Thousands of displaced civilians in DRC trapped by conflict, wounded unable to reach hospitals in Hauts Plateaux, South Kivu
11 March 2010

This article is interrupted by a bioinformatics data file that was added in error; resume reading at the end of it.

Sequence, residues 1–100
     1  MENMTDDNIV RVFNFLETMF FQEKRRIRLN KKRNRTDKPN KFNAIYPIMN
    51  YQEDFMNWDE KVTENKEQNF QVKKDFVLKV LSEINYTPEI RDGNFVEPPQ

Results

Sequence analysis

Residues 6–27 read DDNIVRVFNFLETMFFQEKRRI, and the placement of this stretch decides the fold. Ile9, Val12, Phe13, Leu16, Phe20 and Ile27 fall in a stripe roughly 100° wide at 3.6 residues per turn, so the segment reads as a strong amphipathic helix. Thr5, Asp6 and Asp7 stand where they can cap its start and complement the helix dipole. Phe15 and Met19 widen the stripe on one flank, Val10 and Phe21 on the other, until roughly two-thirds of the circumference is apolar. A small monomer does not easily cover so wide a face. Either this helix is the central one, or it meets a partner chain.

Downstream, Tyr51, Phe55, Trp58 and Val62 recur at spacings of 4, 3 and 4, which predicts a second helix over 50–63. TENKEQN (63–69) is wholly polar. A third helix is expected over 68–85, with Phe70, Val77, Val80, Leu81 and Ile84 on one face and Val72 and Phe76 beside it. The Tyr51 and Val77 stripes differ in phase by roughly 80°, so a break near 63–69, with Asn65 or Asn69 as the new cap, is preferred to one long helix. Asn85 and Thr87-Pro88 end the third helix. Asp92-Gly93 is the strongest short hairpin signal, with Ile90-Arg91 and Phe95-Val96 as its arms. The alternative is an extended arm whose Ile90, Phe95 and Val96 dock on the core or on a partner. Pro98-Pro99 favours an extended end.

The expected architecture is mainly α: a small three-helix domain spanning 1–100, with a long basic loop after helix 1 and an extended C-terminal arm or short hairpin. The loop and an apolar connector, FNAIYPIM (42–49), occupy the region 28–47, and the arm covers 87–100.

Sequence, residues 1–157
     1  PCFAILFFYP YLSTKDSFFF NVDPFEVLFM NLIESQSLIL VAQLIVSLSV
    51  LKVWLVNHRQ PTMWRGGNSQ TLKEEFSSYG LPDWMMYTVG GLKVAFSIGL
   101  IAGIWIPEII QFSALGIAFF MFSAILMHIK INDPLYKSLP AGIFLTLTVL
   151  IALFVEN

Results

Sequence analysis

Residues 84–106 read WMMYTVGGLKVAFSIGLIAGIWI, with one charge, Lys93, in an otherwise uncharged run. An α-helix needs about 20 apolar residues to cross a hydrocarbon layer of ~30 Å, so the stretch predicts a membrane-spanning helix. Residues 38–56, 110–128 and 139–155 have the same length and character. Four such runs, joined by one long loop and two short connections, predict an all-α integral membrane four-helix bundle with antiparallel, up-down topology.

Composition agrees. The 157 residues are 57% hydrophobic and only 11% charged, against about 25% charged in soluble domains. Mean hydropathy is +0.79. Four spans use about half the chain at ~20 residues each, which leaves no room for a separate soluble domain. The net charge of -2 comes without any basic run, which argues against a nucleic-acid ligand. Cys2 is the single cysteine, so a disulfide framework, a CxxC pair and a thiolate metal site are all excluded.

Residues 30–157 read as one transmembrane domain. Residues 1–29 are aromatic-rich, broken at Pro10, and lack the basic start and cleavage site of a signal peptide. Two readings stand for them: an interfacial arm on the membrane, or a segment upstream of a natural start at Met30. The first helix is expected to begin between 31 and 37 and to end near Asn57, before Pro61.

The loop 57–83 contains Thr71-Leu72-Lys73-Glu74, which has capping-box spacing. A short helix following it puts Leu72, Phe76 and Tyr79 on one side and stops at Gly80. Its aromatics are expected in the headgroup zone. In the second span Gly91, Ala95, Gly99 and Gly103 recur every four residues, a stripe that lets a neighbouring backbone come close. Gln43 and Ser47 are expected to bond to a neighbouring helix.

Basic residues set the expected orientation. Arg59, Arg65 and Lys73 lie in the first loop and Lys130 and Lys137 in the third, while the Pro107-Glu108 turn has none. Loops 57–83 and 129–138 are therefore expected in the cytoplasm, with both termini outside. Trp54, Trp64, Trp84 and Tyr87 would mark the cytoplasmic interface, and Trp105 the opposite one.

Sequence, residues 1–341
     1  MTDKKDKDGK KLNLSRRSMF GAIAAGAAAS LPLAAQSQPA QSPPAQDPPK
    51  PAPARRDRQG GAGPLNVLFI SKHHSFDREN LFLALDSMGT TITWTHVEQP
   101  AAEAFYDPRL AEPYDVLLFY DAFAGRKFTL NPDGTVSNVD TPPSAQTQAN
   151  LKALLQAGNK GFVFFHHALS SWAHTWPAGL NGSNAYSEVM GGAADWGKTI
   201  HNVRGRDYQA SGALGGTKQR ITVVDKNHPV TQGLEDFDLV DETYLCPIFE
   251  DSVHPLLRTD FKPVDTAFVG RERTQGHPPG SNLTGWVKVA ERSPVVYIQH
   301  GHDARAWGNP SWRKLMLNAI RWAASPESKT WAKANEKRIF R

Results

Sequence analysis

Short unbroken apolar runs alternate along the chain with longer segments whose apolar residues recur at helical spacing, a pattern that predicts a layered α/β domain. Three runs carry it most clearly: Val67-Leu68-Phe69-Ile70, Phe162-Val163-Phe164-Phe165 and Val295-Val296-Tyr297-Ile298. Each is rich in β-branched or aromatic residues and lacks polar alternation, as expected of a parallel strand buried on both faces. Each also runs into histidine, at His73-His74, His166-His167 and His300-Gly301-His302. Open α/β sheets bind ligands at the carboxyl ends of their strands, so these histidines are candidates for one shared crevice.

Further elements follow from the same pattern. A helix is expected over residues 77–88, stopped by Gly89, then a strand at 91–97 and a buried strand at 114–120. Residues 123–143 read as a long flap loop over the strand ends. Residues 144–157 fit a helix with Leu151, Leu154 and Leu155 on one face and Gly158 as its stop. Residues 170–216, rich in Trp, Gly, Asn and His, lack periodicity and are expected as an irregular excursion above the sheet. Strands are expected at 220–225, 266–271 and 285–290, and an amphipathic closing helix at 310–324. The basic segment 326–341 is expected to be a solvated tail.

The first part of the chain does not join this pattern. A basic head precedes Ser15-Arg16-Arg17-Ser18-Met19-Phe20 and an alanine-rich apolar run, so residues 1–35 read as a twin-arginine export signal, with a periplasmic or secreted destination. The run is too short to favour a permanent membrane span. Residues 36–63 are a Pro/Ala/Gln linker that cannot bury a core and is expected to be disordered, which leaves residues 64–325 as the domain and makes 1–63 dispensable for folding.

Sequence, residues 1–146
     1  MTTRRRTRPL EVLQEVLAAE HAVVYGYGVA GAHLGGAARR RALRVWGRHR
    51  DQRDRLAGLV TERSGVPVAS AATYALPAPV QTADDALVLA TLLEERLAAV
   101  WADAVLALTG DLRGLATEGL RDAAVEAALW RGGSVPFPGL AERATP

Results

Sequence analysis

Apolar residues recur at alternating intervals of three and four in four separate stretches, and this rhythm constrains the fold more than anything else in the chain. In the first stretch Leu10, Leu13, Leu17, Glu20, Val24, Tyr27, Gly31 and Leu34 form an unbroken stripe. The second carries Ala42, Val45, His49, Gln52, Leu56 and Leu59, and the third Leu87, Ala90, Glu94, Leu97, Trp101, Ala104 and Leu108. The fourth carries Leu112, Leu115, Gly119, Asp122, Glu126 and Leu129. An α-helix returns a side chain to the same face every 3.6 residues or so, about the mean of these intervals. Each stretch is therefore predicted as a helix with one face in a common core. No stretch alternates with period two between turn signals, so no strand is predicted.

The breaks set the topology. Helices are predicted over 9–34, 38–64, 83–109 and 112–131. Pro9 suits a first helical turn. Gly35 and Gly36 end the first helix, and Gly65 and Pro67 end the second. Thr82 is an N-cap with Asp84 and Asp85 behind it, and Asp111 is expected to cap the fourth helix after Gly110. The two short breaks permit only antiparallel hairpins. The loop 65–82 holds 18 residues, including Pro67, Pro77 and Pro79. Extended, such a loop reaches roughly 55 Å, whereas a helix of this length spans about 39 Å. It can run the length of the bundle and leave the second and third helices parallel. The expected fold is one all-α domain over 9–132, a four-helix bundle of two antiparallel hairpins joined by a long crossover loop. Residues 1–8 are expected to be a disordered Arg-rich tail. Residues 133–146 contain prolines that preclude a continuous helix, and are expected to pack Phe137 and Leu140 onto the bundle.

The medical humanitarian organization Médecins Sans Frontières (MSF) is deeply concerned by the rapidly worsening situation in the isolated area of Hauts Plateaux in the region of Uvira, South Kivu, in the Democratic Republic of Congo (DRC). Thousands of civilians are trapped by conflict that has been raging in the area since the beginning of February, 2010, between the Congolese army (FARDC), FDLR rebels and various armed groups. Violence against civilians is frequent, but the constant threat to civilians prevents wounded people from reaching the local hospital where an MSF surgical team is working. Currently MSF is the only medical organisation providing direct medical care in the region. “We heard from people who have reached our medical structure that there are many civilians who are afraid to come to the hospital; they are in constant fear of being attacked by the armed groups. There is no safe place for them to hide,” said Philippe Havet, MSF’s Head of Mission in DRC. “Hauts Plateaux is a very isolated area with mountains that reach up to 3,000 metres high and no roads at all. Clashes between combatants are very fierce and civilians are the direct victims. We fear that many people could die, because they cannot reach the hospital and receive the lifesaving medical assistance they need.” Since the beginning of February, 2010, the intense fighting in Hauts Plateaux has forced more than 10,000 people to flee their villages (Kitoga, Mugutu, Birunga and Kangova) and they have sought refuge in the area of Mukumba. On February 10, an MSF medical team started providing emergency medical assistance in Hauts Plateaux to the displaced families. Since then, MSF has provided medical care in the village of Kihuha to more than 750 patients suffering mostly from acute diarrhoea and respiratory tract infections. The team has also received dozens of wounded people, including children, in need of emergency surgical care. A second MSF team, specializing in emergency surgery, arrived a few days later at the hospital in the nearby village of Katanga that is equipped with an operating theatre, to provide surgical care to those civilians wounded in the violent clashes. However, the team has been able to conduct very few surgeries because civilians are extremely frightened to travel to the hospital and seek help. Currently MSF is the only international humanitarian organisation providing direct medical care in Hauts Plateaux. MSF teams face huge challenges in their effort to provide medical care to the displaced families. “It takes five to six hours on foot to reach our medical base in Kihuha and another two hours from there to reach the hospital in Katanga, where our surgical team is based,” said Steve Avoci, MSF surgeon in Katanga. “It is very isolated here and conditions are very difficult. A few days ago, a patient arrived needing urgent surgical attention. It was a complicated surgery and it was impossible to refer him to another appropriate structure, so an MSF surgeon, based in Bukavu, helped me over the telephone to operate on the wounded patient.” As the situation in Hauts Plateaux is steadily deteriorating, MSF is gravely concerned over the fate of the thousands of internally displaced people trapped by the conflict. MSF calls on all armed groups to respect international humanitarian law and the safety of civilians and allow immediate access to emergency medical care for those wounded during clashes. “Wounded civilians are in desperate need of protection and emergency medical assistance. They deserve the right to have unobstructed access to our medical teams,” said Philippe Havet. MSF is currently working in Kalonge and Kitutu in South Kivu supporting health centres and operating mobile clinics for the provision of primary healthcare and emergency assistance to displaced people and host families. MSF is also supporting health centres, Baraka Hospital and a Cholera Treatment Centre in Fizi targeting the main causes of death and disease (namely malaria, malnutrition, tuberculosis and cholera) with an emphasis on reproductive health. In North Kivu, despite ongoing insecurity and violence, MSF runs medical programmes in Rutshuru, Nyanzale, Masisi, Mweso, and Kitchanga. 76 international staff are working alongside 1144 Congolese colleagues in MSF projects in North and South Kivu.